Thus, when I was judged, both books were opened, the law and gospel, and I found them both spiritual, requiring a spiritual obedience; but I was especially judged by the gospel; that scripture was verified in me, "If any man hear my words and believe not," or that "rejecteth me and receiveth not my words, hath one that judgeth him: the word that I have spoken, the same shall judge him in the last day" (if not in mercy now).

By these terrible things in righteousness I have learned

1st. That no flesh shall glory in the presence of God; for He hath concluded all men in sin under the law, and all men in unbelief under the gospel.

2nd. That by the deeds of the law no flesh living shall be justified; and by the obedience of faith, resulting from our own will and power, no flesh shall be saved.

3rd. That Christ Jesus is the only way of justification; He being made under the law a curse for us, we are freely justified by his precious blood, received by faith.

Lastly. "That salvation is not of him that willeth, or of him that runneth, but of God that sheweth mercy." "He hath concluded all in unbelief, that he might have mercy upon all."

Now, sir, I conclude my present letter, and if you are not weary of me already, I shall, God willing, in my next, produce other evidence beside my own, and at last appeal to the law and testimony.

I am, dear sir, yours in the Lord Jesus
To the Editor of the Earthen Vessel.



No. II.


In our last we gave some of the earliest information of the affairs of this ancient house of worship, and promised to give an account of some interesting events under the pastorate of Mr. William Arnold, who preached to the Church Lord's day, May 29, 1720. "The Church having tasted and approved of his gift, gave him an invitation to come and preach to them for some time, in order to inake further trial thereof," to which he consented. The following is an account of his call to the pastorate:

"Lord's day, August 29, 1720.-This day the Church having given Mr. Arnold a unanimous call to the pastoral office, ordered the following letter to be sent to the Church at Westbury Leigh, under the care of our beloved brother, John Belton, greeting, &c.

BELOVED BRETHREN.-We being destitute of a pastor by the death of our beloved brother Benjamin Hinton, and divine providence having brought our well-beloved brother William Arnold amongst us, whose ministry has been so acceptable to us that we have given him a call, by the unanimous consent of the Church, to accept the pastoral charge among us, which being signified to him by proper persons, as also that he would take up his communion with us, and he showing his willingness to be joined to our Church, we desire, beloved brethren, that you would, as followers of the same Lord, and professors of the same faith with us, recommend and dismiss to us, in the name of Christ, our, and we trust, your well-beloved brother William Arnold, which we desire you will do with such expedition as the case and your prudence shall direct. We commend you to God, and to the word of his grace. Signed, by order and behalf of the Church: Jolin Seymour, James Broase, John Yorke, Josiah Keene, John Valley, Deacons.""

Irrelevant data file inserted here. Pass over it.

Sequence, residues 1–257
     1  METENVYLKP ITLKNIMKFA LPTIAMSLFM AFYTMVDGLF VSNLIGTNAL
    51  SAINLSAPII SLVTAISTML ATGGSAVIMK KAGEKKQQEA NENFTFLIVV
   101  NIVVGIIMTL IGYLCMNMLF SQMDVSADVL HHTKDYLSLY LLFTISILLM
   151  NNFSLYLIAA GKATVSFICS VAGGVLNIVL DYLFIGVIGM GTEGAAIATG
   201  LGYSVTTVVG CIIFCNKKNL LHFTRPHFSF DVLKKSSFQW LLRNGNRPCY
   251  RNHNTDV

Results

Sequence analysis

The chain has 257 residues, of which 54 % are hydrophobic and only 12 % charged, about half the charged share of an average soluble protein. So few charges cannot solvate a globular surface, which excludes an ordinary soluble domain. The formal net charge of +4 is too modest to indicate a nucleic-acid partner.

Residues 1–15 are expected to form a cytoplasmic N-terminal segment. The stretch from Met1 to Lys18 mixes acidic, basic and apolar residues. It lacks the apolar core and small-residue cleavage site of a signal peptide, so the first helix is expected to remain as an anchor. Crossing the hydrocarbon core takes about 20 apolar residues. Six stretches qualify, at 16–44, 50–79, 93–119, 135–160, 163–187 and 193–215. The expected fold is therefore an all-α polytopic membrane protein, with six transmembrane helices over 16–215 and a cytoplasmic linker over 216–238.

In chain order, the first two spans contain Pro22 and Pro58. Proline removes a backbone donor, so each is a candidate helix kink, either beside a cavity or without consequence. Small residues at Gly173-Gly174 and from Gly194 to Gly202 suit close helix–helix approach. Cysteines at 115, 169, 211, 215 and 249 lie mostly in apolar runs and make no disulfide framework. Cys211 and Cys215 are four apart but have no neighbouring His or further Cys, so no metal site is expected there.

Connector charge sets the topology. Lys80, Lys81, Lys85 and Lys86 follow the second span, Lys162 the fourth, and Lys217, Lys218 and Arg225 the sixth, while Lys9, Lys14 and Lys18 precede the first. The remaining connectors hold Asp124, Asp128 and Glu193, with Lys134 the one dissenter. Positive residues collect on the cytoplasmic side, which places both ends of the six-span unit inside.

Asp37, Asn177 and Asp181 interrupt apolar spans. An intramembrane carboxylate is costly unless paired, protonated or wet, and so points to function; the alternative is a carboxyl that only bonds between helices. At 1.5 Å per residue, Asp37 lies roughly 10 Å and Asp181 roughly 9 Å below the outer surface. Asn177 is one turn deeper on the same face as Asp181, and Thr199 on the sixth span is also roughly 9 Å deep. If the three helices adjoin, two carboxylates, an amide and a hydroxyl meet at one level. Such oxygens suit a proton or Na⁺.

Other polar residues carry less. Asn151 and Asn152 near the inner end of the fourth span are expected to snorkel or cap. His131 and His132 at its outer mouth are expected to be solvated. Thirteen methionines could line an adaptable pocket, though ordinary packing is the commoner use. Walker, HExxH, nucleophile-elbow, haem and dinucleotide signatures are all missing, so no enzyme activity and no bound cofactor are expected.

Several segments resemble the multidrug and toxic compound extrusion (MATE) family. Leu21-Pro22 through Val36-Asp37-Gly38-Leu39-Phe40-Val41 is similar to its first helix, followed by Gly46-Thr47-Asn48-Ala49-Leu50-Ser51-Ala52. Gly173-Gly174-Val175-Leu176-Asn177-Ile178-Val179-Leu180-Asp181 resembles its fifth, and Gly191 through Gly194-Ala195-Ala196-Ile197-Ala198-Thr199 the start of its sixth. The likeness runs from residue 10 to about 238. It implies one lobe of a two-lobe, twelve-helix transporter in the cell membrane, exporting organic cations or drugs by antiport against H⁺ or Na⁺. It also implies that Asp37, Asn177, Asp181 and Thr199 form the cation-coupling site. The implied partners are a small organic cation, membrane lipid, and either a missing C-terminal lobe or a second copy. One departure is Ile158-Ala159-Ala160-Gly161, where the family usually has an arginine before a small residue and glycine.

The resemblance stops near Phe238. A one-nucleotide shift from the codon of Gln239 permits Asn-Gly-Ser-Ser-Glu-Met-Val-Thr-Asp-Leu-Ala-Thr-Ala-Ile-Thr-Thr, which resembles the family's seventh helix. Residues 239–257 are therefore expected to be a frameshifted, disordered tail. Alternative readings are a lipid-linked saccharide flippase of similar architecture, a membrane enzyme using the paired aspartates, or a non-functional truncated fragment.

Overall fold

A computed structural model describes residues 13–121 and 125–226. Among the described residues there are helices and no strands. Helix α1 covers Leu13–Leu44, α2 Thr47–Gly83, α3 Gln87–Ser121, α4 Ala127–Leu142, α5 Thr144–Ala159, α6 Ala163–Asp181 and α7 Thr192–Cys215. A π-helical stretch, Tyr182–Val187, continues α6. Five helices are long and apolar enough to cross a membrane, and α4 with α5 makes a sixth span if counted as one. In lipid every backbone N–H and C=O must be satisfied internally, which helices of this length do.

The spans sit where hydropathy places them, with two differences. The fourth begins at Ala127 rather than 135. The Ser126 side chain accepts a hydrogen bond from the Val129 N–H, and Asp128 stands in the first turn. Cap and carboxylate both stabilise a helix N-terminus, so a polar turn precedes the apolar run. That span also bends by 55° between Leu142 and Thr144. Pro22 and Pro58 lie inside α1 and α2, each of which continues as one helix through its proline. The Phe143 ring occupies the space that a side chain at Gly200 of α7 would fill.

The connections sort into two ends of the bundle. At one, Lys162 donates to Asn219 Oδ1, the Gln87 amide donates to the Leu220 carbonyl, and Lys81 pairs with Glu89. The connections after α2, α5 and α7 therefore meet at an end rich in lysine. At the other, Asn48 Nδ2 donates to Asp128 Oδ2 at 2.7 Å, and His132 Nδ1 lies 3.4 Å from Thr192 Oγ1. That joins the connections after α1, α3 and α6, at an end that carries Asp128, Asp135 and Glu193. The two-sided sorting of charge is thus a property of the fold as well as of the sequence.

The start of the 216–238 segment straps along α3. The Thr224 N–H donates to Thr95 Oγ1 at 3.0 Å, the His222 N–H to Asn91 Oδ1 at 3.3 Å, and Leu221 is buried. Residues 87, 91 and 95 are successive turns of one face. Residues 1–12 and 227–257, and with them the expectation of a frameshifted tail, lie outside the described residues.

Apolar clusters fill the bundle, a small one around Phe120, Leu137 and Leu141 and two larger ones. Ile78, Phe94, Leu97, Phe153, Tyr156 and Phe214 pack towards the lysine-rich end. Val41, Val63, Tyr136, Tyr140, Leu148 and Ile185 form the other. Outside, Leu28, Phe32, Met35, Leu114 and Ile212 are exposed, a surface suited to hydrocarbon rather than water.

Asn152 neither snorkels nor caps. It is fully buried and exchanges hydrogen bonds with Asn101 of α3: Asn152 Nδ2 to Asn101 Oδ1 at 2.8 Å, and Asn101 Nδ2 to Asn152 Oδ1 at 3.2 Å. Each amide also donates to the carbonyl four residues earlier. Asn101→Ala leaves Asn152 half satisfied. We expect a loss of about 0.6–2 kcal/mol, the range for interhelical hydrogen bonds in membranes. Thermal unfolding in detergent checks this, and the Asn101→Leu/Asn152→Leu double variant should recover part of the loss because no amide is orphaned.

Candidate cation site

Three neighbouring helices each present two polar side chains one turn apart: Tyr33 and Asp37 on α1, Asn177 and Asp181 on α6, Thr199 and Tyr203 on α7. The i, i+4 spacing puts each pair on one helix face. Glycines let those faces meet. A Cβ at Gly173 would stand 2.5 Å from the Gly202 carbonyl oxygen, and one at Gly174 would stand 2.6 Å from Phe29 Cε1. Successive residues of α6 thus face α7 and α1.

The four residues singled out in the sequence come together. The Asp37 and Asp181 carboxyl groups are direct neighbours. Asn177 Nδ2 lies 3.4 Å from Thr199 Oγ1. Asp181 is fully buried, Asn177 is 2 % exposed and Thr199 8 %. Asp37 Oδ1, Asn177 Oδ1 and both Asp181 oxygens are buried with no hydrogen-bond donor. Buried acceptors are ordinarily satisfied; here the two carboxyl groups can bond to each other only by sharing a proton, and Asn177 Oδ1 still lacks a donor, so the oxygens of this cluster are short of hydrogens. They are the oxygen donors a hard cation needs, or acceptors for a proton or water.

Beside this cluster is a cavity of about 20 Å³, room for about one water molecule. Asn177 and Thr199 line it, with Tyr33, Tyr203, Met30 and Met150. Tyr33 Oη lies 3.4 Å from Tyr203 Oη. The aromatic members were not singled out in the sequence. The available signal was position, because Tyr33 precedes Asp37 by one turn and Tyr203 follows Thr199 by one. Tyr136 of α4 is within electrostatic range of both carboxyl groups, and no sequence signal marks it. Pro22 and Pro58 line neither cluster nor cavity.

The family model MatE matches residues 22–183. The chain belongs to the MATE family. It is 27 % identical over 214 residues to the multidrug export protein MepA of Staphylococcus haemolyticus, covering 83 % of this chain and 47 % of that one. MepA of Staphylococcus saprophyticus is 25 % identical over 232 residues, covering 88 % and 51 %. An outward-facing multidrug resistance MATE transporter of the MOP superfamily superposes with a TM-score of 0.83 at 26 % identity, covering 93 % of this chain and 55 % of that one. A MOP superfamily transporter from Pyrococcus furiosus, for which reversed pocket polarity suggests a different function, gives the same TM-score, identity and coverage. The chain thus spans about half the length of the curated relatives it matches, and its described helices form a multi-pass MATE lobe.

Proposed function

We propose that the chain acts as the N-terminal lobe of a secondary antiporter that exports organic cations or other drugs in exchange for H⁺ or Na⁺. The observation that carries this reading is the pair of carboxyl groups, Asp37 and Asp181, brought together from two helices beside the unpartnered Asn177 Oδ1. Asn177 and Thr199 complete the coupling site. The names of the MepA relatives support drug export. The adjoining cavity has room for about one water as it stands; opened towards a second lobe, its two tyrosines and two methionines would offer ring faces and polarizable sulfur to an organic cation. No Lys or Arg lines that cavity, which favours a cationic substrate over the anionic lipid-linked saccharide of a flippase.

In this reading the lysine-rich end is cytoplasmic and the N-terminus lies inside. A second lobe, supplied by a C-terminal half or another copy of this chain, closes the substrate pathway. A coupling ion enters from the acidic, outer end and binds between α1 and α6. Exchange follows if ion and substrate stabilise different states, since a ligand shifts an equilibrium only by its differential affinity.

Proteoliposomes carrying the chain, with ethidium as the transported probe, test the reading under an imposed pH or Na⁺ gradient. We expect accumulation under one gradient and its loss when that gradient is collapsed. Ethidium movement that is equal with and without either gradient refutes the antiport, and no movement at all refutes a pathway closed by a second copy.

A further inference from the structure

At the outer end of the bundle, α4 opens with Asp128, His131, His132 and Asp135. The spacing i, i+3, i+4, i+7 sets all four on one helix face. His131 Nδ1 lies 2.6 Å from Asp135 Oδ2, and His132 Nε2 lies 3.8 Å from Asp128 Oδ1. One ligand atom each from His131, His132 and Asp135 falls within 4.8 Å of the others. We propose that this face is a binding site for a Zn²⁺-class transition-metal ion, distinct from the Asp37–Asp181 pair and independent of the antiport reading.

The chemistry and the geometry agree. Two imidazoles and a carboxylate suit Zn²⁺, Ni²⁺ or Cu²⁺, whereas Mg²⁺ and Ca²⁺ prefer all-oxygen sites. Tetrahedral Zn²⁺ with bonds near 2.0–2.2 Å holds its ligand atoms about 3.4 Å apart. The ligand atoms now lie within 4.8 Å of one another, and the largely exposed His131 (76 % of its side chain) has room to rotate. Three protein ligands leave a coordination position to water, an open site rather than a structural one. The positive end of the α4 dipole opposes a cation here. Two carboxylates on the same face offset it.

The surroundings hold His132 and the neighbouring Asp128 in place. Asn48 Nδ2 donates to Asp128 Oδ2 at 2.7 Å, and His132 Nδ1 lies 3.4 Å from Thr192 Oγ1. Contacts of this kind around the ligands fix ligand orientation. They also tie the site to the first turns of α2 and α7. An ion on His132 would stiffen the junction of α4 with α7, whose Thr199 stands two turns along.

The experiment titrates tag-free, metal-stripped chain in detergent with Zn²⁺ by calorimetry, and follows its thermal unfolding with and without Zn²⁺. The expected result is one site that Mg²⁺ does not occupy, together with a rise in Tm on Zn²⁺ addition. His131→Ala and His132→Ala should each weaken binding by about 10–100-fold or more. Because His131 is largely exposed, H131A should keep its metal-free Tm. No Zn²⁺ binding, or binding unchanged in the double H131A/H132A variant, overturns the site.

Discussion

The reply was as follows:-"From the Church, Westbury Leigh, Wilts, &c., &c.


"DEARLY BELOVED BRETHREN. kindly greet you in the Lord Jesus Christ, wishing that grace may be multiplied unto you and peace from God the Father and from the Lord Jesus Christ, that we may seek the prosperity of Zion, aiming at the glory of God and the common good of all men.

"Brethren: the occasion of our writing is to commend to your Christian care our beloved brother William Arnold, which is in fellowship and full communion with us, and hath walked with a holy conversation as becometh the gospel and his profession; also he

hath been called upon to exercise his gift which God hath lent him, for the work of the ministry, for which he hath been very well accepted by us, and well approved of in many other churches and Christian congregations where he has been in the country exercising his gift among them. Now by Providence, his residence being with you, and he desiring a dismission from us to you, which we cannot so willingly do, by reason we had hopes to enjoy the benefit of his ministry with us, also we should have took it kindly if you had sent to us (before his dismission had been required) of your necessity, that we might the better have judged if your necessity was greater than ours, as well as to keep the communion of churches. But now, if you accept him, we desire you to let him partake of the privileges of the house of God amongst you, watching over him and walking towards him as becometh saints. The grace of our Lord Jesus Christ, the love of God, the communion of the Holy Ghost, be with you all, is the earnest desire of your brethren waiting for the consolation of Israel." Received into communion, Lord's day, October 16th. Mr. Rees administered the ordinance.